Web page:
Smart gamblers stay away from basketball because they know the games are the most easily fixed.
There are only ten players on the court, so it's easier for one or two guys to change the outcome of a game. Since the games move at such a quick pace with fewer breaks in the action than football or baseball, the refs can have an enormous influence on outcomes by calling (or not calling) fouls.
Disgraced NBA ref Tim Donaghy, convicted of giving insider tips on NBA games to professional gamblers, used his fifteen-month prison stay to pen Blowing the Whistle: The Culture of Fraud in the NBA, an exposé of not-so-honorable tactics used by both refs and the NBA league office.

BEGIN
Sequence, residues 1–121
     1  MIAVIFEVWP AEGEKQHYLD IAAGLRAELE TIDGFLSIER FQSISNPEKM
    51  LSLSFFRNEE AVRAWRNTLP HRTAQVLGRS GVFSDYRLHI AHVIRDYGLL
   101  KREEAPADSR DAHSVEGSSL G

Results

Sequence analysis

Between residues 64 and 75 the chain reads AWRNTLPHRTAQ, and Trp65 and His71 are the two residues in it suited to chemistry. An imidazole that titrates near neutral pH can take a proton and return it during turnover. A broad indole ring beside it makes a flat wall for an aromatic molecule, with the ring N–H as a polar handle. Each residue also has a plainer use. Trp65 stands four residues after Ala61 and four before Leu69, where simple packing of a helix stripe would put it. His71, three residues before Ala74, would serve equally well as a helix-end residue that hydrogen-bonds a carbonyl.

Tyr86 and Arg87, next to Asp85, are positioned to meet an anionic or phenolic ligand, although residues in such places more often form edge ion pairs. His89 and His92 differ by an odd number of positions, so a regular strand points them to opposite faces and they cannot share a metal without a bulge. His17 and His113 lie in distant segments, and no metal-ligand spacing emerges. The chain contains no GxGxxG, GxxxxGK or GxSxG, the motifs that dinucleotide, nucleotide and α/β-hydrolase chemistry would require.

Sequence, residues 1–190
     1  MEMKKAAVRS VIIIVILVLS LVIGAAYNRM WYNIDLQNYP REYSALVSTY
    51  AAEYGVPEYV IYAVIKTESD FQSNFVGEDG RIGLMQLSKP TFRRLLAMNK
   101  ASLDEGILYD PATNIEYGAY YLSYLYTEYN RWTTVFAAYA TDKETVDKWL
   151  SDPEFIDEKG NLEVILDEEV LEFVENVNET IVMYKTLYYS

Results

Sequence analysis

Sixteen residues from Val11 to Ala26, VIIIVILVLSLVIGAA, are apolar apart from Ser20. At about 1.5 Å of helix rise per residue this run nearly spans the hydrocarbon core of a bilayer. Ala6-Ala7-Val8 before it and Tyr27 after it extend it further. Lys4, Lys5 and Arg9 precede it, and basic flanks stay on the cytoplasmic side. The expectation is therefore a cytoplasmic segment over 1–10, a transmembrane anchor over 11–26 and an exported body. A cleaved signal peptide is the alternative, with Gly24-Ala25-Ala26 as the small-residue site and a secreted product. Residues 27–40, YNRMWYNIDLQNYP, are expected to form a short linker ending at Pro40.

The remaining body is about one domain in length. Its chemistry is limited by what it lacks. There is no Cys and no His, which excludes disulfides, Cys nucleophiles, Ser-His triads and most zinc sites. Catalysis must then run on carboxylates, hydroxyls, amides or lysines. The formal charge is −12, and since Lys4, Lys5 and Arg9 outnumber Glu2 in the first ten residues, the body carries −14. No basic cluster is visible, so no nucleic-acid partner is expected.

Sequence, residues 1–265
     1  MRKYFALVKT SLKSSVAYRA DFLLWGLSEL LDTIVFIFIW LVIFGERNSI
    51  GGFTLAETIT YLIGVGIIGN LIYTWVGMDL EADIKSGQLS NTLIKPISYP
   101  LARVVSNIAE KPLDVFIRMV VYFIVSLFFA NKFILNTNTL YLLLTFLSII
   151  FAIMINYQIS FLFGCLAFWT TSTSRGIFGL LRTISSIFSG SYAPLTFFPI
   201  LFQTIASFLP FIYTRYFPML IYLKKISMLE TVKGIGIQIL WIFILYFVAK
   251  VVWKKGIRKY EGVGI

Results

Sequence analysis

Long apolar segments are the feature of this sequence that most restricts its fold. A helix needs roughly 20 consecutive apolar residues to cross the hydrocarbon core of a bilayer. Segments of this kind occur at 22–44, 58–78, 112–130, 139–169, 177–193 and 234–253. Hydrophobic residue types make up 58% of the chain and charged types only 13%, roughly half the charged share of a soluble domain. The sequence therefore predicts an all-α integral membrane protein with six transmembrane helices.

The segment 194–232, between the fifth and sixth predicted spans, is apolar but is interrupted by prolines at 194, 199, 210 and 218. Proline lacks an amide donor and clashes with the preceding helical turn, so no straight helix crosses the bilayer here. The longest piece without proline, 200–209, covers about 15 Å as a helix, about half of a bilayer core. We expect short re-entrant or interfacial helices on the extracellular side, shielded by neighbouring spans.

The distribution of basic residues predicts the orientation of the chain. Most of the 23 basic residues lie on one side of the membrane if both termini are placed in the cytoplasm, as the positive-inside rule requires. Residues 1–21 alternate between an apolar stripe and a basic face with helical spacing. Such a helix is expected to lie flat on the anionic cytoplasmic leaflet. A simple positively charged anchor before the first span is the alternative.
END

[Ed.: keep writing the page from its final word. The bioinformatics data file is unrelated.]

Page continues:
Once Random House announced a release date for Donaghy's book, the NBA's lawyers went into overdrive and intimidated the publisher into canceling the book.
Deadspin obtained an advance copy of Blowing the Whistle and has published excerpts that include allegations about referee gambling, personal prejudices of individual officials in favor or or against certain players or teams and orders from the league office that certain players shouldn't be touched."If Kobe Bryant had two fouls in the first or second quarter and went to the bench, one referee would tell the other two, "Kobe's got two fouls. Let's make sure that if we call a foul on him, it's an obvious foul, because otherwise he's gonna go back to the bench. If he is involved in a play where a foul is called, give the foul to another player."
ESPN reports that the NBA has now responded to the Deadspin post, promising to look into the allegations in a book the league didn't read before they shut it down.